Crustaceans are one of the most diverse types of animal on our planet. They range from microscopic creatures to massive spider crabs whose claw-span can grow up to 11 feet and 9 inches. Researchers estimate that nearly 44,000 species have been identified to date in a wild assortment of shapes, sizes and type. But the crustacean respiratory system operates similarly in all of them, as the organisms breath with gills.
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TL;DR (Too Long; Didn’t Read)
Crustaceans breath through gills, an organ of the crustacean respiratory system that extract oxygen from water.
What are Crustaceans?
Crustaceans are a kind of arthropod. Arthropoda is the phylum, or wider classification group, given to animals with exoskeletons, jointed legs and distinctly divided body parts. Insects, spiders and centipedes are all arthropods. Crustaceans are a primarily aquatic arthropod, with at least five pairs of legs. Shrimps, crabs, crayfish and lobsters are all crustaceans. The name “crustacea” comes from the Latin word meaning “crusted forms,” which is particularly apt for some of the more armored crabs found on sea shores.
What are Gills?
Crustaceans breath oxygen, as does (nearly) every other creature on earth. As they are aquatic creatures, they use the same respiratory system as fish and breath oxygen through gills. Gills, a crustacean respiratory organ, are very similar to lungs in the way that they function. Small molecules of oxygen get pulled into the blood stream as they pass over the gill’s or lung’s surface. The major difference is that gills pull oxygen from water and not air.
Fun facts about lobsters: A lobster has ten gills, each attached to one of the lobster’s ten legs.
Where are their Gills?
A crustacean’s gills are found in either the thoracic cavity (chest cavity) or on appendages. If they are on appendages they might be visible. The will look like feathered areas at the end of legs or at the junction between legs and body shells. The feathered effect is due to the structure of gills, which need as much surface area as possible to be able to get the most oxygen from water flowing over them.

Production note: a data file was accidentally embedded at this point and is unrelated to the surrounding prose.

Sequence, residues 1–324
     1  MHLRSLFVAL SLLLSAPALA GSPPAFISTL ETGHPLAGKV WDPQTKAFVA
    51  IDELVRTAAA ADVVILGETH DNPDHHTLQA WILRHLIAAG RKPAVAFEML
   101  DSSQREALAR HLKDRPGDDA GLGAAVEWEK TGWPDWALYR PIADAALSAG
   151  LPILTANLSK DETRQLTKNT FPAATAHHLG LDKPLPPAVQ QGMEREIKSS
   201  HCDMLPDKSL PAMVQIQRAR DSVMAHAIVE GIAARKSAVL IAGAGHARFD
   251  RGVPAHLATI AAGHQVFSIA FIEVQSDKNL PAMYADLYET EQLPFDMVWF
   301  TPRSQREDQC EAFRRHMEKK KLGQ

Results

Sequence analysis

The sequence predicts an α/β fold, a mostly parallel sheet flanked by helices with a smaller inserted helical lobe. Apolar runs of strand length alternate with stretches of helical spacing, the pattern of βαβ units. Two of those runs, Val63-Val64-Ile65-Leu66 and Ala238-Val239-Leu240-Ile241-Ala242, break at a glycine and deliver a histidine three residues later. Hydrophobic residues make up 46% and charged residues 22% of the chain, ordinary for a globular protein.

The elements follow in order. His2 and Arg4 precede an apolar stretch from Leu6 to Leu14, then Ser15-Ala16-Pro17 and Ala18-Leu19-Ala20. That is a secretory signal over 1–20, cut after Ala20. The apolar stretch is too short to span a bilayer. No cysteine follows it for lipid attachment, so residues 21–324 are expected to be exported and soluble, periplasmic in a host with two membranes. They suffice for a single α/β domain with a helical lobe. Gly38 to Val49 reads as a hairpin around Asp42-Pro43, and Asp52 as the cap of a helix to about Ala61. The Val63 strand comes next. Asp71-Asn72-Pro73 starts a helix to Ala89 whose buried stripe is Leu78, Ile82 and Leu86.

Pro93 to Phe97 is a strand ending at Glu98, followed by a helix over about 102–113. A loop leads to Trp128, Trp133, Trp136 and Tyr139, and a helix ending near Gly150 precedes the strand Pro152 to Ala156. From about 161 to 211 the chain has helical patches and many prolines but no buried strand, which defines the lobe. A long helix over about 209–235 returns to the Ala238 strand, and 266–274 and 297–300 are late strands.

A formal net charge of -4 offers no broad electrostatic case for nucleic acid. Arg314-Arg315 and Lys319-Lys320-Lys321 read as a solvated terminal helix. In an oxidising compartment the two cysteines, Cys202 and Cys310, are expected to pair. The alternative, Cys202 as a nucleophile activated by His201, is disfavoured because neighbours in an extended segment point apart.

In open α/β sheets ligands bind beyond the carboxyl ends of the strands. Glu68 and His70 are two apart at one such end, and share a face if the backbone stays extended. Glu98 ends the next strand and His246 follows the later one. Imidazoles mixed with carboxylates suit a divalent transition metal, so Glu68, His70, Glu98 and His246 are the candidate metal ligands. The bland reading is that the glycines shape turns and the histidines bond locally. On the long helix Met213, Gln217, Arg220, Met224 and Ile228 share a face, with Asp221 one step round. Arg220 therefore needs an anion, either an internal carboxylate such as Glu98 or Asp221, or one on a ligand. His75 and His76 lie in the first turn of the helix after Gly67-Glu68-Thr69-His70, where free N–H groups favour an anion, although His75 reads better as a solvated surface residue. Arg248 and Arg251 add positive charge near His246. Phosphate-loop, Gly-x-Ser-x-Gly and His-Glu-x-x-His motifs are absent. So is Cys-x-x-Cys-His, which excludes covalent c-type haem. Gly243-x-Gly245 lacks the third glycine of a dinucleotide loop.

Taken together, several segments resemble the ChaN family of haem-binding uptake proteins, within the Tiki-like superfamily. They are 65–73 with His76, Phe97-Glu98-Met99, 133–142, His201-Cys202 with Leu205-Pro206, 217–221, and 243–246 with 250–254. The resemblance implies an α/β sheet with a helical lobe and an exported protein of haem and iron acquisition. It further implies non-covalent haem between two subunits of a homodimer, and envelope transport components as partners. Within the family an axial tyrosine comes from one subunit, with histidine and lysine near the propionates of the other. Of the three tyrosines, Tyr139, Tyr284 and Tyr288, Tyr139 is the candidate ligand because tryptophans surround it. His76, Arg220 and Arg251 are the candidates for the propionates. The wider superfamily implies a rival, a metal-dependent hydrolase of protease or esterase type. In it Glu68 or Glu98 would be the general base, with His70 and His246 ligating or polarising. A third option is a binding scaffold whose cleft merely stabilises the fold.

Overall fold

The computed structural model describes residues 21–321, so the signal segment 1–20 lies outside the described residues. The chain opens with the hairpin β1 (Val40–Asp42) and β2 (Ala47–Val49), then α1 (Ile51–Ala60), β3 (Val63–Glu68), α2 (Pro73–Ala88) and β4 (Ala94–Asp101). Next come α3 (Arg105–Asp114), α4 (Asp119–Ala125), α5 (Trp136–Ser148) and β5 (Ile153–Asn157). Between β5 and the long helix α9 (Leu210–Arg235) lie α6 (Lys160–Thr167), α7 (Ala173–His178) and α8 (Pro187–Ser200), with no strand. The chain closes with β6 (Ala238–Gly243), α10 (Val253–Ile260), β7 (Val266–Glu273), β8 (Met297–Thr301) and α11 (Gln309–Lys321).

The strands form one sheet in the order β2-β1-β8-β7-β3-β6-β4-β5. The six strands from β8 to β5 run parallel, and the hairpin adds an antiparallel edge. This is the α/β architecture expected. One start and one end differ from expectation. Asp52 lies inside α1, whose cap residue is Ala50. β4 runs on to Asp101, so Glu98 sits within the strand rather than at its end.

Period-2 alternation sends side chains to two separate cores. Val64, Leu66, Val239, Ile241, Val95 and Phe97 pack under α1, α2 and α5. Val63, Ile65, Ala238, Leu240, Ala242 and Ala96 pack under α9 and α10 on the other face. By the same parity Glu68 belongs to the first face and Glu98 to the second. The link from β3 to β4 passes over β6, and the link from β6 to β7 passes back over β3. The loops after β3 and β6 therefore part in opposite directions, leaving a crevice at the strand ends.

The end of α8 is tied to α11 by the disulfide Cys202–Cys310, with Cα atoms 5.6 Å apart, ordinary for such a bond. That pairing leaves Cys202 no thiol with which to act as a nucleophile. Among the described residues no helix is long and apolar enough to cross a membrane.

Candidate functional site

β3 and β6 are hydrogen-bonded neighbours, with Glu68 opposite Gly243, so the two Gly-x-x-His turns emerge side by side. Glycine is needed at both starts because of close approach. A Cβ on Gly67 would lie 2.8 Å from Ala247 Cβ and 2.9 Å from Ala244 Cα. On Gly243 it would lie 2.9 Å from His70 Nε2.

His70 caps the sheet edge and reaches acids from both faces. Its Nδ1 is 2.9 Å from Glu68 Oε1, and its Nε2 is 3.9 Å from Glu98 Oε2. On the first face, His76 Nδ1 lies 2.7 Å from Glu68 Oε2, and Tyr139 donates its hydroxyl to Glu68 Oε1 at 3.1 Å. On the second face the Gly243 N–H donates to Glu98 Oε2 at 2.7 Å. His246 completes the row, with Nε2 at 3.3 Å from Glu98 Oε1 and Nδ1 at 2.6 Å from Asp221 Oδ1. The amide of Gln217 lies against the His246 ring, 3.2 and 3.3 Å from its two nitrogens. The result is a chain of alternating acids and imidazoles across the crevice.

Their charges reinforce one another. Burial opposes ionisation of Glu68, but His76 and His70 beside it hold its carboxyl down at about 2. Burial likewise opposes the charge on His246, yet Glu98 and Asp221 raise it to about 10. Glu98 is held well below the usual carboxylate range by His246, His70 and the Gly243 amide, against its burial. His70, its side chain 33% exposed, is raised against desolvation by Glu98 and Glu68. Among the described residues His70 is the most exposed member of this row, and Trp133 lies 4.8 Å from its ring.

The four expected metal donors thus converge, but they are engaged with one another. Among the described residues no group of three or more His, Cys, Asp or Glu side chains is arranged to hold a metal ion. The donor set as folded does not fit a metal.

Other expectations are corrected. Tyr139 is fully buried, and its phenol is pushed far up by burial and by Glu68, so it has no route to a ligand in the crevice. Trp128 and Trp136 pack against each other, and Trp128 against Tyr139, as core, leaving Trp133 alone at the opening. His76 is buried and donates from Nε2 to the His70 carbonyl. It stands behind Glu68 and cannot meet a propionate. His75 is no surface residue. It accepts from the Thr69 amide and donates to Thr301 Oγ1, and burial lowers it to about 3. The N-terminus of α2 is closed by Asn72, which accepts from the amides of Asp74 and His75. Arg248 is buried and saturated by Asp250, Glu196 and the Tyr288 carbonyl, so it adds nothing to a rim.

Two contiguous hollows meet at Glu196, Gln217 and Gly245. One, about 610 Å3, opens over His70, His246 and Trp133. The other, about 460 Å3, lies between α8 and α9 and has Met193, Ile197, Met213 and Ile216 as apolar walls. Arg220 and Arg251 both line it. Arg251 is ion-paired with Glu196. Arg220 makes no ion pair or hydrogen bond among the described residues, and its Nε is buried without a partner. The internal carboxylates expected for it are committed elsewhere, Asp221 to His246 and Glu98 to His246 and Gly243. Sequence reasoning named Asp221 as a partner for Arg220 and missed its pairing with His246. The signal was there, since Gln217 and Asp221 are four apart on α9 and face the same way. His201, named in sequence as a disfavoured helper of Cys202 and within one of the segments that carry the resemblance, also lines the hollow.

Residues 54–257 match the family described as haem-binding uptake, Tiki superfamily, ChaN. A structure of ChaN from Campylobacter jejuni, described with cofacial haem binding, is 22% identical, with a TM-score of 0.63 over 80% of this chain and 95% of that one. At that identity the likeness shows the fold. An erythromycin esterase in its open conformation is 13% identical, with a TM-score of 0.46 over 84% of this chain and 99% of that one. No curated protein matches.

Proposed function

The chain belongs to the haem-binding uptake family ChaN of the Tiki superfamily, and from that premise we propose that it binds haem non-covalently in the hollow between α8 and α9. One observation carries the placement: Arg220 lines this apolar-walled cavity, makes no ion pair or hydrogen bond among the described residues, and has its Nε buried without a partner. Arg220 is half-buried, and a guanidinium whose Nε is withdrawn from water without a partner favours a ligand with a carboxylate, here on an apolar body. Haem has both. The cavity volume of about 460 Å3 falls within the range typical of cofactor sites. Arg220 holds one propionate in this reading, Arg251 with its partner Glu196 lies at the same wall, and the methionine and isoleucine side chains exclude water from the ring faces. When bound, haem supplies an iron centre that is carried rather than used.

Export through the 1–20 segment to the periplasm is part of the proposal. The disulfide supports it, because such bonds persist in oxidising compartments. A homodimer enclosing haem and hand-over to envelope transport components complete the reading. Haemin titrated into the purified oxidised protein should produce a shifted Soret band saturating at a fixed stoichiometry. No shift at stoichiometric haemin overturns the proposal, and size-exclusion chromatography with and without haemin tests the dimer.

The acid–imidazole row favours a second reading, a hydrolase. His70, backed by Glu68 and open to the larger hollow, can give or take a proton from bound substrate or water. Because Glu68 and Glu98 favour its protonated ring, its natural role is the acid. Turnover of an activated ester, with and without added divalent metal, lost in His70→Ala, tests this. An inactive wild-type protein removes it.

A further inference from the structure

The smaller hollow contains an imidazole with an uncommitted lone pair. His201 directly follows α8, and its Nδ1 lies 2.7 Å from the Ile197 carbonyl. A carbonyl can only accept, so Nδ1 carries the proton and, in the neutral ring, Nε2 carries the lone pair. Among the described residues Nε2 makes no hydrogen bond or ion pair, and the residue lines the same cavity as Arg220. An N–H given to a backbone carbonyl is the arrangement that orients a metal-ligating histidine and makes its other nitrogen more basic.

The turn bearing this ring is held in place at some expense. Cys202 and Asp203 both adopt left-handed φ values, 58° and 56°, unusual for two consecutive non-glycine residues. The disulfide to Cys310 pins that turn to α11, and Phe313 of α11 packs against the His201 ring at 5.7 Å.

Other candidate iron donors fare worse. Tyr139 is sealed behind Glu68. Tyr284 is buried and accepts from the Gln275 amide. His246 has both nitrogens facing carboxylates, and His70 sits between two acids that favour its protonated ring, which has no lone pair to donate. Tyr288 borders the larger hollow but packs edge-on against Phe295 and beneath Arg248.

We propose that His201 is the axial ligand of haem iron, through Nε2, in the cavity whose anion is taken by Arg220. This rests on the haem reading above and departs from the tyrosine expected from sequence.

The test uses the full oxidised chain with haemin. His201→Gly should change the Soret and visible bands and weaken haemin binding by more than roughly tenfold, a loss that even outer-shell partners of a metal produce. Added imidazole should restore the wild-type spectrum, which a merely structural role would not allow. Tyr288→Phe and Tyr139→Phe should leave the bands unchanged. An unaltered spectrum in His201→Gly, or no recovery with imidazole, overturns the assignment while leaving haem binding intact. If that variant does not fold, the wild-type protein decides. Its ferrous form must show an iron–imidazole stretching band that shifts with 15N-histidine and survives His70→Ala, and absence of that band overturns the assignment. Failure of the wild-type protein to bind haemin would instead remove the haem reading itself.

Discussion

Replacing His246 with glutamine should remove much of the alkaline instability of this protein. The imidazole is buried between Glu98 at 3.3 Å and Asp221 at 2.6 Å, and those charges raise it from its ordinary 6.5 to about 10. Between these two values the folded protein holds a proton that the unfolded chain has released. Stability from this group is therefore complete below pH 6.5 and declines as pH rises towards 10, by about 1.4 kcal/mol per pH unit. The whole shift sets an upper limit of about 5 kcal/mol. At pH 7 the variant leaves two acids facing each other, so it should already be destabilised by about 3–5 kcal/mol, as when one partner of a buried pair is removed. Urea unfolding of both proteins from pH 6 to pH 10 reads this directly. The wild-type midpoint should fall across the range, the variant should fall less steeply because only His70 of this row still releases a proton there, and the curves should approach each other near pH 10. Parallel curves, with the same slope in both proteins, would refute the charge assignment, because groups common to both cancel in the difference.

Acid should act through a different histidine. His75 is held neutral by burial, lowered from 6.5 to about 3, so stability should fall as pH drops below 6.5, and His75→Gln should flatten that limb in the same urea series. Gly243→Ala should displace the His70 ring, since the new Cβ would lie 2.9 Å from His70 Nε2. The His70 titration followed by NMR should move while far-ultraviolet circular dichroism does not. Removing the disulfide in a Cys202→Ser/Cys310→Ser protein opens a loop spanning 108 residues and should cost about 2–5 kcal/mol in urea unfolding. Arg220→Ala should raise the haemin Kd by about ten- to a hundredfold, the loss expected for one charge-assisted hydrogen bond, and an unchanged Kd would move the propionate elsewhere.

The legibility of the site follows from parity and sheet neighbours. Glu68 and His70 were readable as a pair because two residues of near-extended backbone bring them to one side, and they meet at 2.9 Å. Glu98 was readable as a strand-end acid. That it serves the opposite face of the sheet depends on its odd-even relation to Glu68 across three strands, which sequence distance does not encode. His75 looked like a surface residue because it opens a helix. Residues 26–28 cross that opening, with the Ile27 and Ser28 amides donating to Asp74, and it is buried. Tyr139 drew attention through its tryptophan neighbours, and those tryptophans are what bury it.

How can some live on land?
Most crustaceans are fully aquatic, like shrimp and many types of crabs, and breath under water. Some are amphibious like the crabs found on sea shores or semi-amphibious as is the case with land-crabs who only return to water to breed. These are adapted to breath both in and out of water. Many live their entire lives on land, far from seas or lakes. Woodlouse are a common land-dwelling crustacean. Crustaceans that breath air have adapted to living out of water by changing the way they use their gills. They excrete a liquid, which is pushed over their gills. Oxygen to fuel their respiratory systems is pulled from this excreted liquid.
About the Author
Louise Jones has been a technical writer since 2006 and is the director of a technical writing company, providing literature for U.K. construction firms such as MITIE and Balfour Beatty. Her work also appears on various websites, focusing on business and technical articles. Jones has a postgraduate certificate in education and has been trained in information technology. She studied English at Cambridge University.
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